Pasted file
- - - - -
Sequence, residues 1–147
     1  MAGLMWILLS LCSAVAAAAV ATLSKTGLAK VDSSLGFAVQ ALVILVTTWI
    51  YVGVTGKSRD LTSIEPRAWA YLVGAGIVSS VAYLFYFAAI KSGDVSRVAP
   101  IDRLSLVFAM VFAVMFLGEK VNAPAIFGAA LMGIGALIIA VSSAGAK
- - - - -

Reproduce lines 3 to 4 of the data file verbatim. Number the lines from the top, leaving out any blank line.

    51  YVGVTGKSRD LTSIEPRAWA YLVGAGIVSS VAYLFYFAAI KSGDVSRVAP
   101  IDRLSLVFAM VFAVMFLGEK VNAPAIFGAA LMGIGALIIA VSSAGAK